We don’t have to base our faith on our emotions, a desire for it to be true, or any other subjective experience. The Word of God is completely trustworthy - Jesus says so himself.
It is possible to have a fascination with the Bible that does not lead to faith in Christ.
Praise the Lord that he is willing to repeat himself, because the best truths deserve repeating.
To read the Bible is a risky thing. We cannot read it, put it down, and claim ignorance.
The Christian has the perfect words of God - they are scented with heaven, preserved for us, and even addressed to us. Sadly many of us have gotten over it.
Those who want to find the true Jesus through relics will come up shorthanded.
What we believe about the authority and sufficiency of Scripture is important. Either the Bible is right or it is wrong; it is either an ordinary book or a divinely-inspired text.
"The brother dismissed my view as impossible on the grounds that the Holy Spirit, who does not lie, had told him the truth on this matter. Being young and bold, I pressed on with my explanation of grammar, context, and translation, but was brushed off by a reference to 1 Corinthians 2:10b-15: spiritual things must be spiritually discerned -- which left little doubt about my status."
Wonder is necessary to survival, either in telling a story or living your own. No wonder we are a people starved of soul satisfaction.
When we see the Old Testament in light of Jesus, we don't destroy its essence, we enrich it.
Because our churches are filled with, and led by, people who have caved under far less pressure than what Esther faced. We have all been guilty of hiding our heavenly identity and submitting to the faithless systems of life around us.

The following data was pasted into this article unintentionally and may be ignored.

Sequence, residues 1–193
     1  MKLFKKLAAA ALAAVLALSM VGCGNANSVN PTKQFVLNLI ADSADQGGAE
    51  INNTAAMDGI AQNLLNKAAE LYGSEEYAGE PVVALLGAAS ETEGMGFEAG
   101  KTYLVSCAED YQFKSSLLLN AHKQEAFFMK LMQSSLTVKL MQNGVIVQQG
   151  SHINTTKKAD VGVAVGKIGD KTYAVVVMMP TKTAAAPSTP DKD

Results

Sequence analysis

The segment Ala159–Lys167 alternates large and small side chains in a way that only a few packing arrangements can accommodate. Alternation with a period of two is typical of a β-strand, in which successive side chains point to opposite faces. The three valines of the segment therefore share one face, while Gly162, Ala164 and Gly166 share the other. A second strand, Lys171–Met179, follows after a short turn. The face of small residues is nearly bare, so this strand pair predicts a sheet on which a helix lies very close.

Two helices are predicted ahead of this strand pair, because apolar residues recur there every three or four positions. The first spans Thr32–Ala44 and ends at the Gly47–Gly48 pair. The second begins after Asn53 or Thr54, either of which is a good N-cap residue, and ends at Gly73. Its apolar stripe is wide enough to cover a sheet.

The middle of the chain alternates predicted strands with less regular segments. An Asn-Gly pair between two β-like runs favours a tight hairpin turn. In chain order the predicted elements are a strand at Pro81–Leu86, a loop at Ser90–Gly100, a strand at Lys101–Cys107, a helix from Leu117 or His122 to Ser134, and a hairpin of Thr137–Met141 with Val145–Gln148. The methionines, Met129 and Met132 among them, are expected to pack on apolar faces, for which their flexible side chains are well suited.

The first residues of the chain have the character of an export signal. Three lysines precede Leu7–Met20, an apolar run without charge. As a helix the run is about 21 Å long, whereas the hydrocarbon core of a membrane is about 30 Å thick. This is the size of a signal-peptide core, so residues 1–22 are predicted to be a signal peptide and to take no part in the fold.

Esther's first nine verses make Xerxes out to be pretty intimidating. It's obvious from the lavish banquet throws and the riches he has and the way he micromanages absolutely everything that he is one powerful dude. But then the wheels fall off.
Every word of Scripture from Genesis 1:1's "In" to Revelation 22:21's "Amen" is le mot juste.
Throughout history, God has been at work in and through those He chooses to use greatly. In the book of Joshua, the mighty works God performs are but a shadow of a greater Reality yet to come.
Go to the source. Go into the dark of things you don’t know. Watch how the stars shine.
When the Bible is our delight, we look forward to reading it each day and feel a keen sense that something's missing when we don't.
Psalm 23 has a lot to say about Christ's tender, loving care for us. But the psalm isn't primarily about the sheep; it is about the exaltation of the Shepherd.
Believe, I pray thee, and rest thee on the blood-sprinkled words of this wondrous Book.
Open each page with faith and expectancy even if you are a little unsure what you might or might not hear.
Until our race is finished, we glean from him, day in and day out.
Deciding what the Bible means "to us" seems like an innocent way to invite everyone’s voice to the table for discussion, but it’s a surefire way to kill effective Bible study.
There are only two options with Scripture: either we say amen to its entirety, or we entirely reject it.